Please note that $2^8$ will also count the two arrangements where all objects go to one of the two chosen buckets. So we subtract $2$ from $2^8$.


$\displaystyle P(X \geq 3) = 1 - P(X=1) - P(X=2) = \frac{23275}{23328}$

  • $\begingroup$ Why did you treat indistinguishable balls like distinguishable . Cant the answer be $$1-[C(6,1) \times \frac{1}{C(13,5)} + C(6,2) \times \frac{C(9,1)}{C(13,5)}]$$ $\endgroup$
    – user955791
    Jun 24, 2021 at 20:47
  • 1
    $\begingroup$ @Bulbasaur stars and bars method should not be used to calculate probability. All arrangements in stars and bars are not equally probable. $\endgroup$
    – Math Lover
    Jun 24, 2021 at 20:50
  • $\begingroup$ thanks , i see now $\endgroup$
    – user955791
    Jun 24, 2021 at 20:52
  • 2
    $\begingroup$ @CaravdC Even if you assume that all distributions of the indistinguishable objects are equally likely, the probability would work out to be $1-(6+\binom62\times 7)/\binom{8+6-1}{5}$, which is not equal to the book's answer. This is discussed in the second bullet point of Henry's answer. There is no conceivable way your source's answer is correct. $\endgroup$ Jun 25, 2021 at 0:33
  • 1
    $\begingroup$ @CaravdC Mike Earnest's comments already answers your question. There is no way to get to that answer for the given question. Your first approach is optimal except a mistake that you made. $\endgroup$
    – Math Lover
    Jun 25, 2021 at 9:49

I'm assuming that the buckets are distinguishable! And the indistinguishable objects are balls.

A hint to answer the question, assuming the balls are indistinguishable

$P(X=1)=(6C1)P(\text{all balls fall into bucket 1})$

In the case of indistinguishability, you will have to use conditioning to get the answer. The calculation remains exactly the same. The only difference is that you are using conditioning instead of combinatorics.

Let $A_i$ be the event that the $i^{th}$ ball chosen falls into bucket 1

$P(A_1\cap A_2 \cap \dots\cap A_8)=P(A_1)\cdot P(A_2|A_1)\cdot P(A_3|A_1\cap A_2)\dots$

There is one way to choose the first ball(since balls are indistinguishable!) and the probability that, that ball goes into the first bucket is $(1/6)$(because the buckets are distinguishable). so, $P(A_1)=1/6$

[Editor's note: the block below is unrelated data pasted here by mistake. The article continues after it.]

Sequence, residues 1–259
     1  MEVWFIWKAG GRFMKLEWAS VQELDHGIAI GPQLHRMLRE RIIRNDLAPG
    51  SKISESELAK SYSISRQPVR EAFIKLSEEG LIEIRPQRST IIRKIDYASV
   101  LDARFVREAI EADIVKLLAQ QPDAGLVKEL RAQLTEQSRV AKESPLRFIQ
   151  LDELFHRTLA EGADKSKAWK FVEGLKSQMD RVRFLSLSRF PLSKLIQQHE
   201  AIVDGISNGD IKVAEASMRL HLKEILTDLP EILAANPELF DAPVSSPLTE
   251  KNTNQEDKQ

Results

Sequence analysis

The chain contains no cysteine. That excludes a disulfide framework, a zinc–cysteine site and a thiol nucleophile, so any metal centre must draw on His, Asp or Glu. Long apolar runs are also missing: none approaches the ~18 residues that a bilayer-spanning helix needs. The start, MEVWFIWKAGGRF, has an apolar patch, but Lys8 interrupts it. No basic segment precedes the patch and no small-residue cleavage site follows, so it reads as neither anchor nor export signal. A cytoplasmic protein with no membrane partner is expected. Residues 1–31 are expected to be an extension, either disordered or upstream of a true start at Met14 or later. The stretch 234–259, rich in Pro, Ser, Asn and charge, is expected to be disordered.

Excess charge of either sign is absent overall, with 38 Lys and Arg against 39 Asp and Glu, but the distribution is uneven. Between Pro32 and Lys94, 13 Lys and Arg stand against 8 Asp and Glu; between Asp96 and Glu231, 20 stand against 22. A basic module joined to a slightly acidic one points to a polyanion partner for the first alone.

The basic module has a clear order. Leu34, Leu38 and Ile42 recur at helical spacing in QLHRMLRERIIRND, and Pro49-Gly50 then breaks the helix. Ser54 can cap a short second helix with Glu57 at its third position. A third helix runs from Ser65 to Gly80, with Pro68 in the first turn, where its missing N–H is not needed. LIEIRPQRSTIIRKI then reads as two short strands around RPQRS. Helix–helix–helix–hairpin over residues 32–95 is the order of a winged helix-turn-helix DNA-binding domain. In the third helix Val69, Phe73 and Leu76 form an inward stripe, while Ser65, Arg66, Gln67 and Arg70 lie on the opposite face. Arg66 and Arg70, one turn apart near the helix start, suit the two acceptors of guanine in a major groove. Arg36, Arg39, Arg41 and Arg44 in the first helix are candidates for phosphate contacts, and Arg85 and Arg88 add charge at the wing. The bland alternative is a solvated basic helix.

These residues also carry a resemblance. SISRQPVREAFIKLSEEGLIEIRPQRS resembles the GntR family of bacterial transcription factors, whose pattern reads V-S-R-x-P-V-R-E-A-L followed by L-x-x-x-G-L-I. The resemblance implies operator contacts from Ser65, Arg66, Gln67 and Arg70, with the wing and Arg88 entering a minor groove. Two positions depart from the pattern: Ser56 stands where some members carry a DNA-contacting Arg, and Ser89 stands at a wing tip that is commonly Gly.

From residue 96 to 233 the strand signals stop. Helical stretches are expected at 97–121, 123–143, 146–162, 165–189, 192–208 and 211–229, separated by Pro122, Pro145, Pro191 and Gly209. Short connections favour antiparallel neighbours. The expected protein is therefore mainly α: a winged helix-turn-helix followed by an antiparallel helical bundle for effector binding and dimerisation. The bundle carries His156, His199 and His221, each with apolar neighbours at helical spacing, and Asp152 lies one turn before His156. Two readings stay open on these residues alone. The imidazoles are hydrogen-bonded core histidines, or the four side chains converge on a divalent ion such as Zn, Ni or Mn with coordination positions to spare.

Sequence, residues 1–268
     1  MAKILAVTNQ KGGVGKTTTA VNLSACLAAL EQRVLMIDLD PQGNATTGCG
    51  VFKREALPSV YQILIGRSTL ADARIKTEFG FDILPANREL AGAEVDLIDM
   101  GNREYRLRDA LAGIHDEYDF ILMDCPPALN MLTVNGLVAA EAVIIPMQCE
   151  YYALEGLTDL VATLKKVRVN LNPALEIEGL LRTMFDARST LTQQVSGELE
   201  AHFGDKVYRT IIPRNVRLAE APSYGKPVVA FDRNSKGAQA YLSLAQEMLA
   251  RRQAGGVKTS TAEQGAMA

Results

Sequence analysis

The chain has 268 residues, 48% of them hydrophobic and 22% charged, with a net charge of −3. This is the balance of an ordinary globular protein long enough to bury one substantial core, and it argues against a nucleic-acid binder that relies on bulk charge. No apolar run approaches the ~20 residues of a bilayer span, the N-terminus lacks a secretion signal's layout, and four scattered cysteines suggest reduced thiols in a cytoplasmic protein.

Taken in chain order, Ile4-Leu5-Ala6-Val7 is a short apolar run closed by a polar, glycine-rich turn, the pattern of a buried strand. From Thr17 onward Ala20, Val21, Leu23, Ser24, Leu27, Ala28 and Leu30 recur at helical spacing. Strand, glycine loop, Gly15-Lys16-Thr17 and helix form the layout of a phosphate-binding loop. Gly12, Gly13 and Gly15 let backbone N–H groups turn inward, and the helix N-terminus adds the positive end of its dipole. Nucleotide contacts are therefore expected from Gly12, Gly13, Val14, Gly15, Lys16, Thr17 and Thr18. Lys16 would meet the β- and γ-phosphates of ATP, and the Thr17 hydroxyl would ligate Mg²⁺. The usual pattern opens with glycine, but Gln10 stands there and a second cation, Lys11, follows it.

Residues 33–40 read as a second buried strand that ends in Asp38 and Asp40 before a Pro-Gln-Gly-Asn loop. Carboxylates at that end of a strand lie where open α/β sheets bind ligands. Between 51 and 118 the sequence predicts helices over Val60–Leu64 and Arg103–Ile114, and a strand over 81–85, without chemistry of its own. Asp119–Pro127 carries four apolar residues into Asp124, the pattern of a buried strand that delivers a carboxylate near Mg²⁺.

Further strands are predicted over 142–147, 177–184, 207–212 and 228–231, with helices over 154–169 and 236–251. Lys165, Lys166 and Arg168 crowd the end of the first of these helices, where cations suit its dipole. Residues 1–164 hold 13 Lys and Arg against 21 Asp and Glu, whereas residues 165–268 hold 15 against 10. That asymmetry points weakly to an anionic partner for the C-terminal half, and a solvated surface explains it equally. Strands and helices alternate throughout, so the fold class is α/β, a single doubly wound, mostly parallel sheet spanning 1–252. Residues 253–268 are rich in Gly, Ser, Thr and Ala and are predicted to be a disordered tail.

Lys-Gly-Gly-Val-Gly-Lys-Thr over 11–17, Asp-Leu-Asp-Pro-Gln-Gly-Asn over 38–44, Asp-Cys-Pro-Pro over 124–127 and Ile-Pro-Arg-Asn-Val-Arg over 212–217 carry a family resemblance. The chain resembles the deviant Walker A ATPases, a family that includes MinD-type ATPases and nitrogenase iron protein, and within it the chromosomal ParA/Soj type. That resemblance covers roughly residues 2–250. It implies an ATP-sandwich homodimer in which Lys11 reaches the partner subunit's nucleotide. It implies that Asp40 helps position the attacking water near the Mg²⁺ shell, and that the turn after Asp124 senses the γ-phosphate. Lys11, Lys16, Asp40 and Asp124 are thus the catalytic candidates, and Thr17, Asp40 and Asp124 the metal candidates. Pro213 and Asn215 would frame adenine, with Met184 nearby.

Now, given that the first ball goes into the first bucket, the number of ways to choose the second ball is also one(balls are indistinguishable!), and the probability that that ball goes into the first bucket is also $(1/6)$(because the buckets are distinguishable). so, $P(A_2|A_1)=1/6$

And so on...

hence $P(\text{all balls fall into bucket 1})=(1/6)^8$ and $P(X=1)=(6C1)P(\text{all balls fall into bucket 1})=(6C1)(1/6)^8$

I believe, it is straightforward to similarly calculate $P(X=2)$ and $P(X\geq 3)$

I would like to quote @DavidK here(from this answer, you should check out that answer, it is an absolute gem),

A way I think of this intuitively is that we are modeling a world in which writing a number on a ball or erasing the number does not cause that ball to magically run away from you when you reach in the back nor jump into your hand. In fact, the distinguishing marks (or lack thereof) on the balls have no effect on the probability of drawing a ball each time. So a correct way to compute $P(X=k)$ with indistinguishable balls is to compute $P(X=k)$ with distinguishable balls and simply copy the final result. This yields the same formulas.

I hope, it is okay to quote other users, if it is relevant. If it is not, let me know and I will remove the quote.

Regarding your note:

the probability of dividing 6 objects into exactly 2 buckets is not $[(1/6)^7(5/6) + (1/6)^6(5/6)^2 + (1/6)^5(5/6)^3 + (1/6)^4(5/6)^4 + (1/6)^3(5/6)^5 + (1/6)^2(5/6)^6 + (1/6)(5/6)^7]$

it should be ${nCr}\left(8,1\right)\left(\frac{1}{6}\right)^{7}\left(\frac{1}{6}\right)+{nCr}\left(8,2\right)\left(\frac{1}{6}\right)^{6}\left(\frac{1}{6}\right)^{2}+{nCr}\left(8,3\right)\left(\frac{1}{6}\right)^{5}\left(\frac{1}{6}\right)^{3}+{nCr}\left(8,4\right)\left(\frac{1}{6}\right)^{4}\left(\frac{1}{6}\right)^{4}+{nCr}\left(8,5\right)\left(\frac{1}{6}\right)^{3}\left(\frac{1}{6}\right)^{5}+{nCr}\left(8,6\right)\left(\frac{1}{6}\right)^{2}\left(\frac{1}{6}\right)^{6}+{nCr}\left(8,7\right)\left(\frac{1}{6}\right)^{1}\left(\frac{1}{6}\right)^{7}$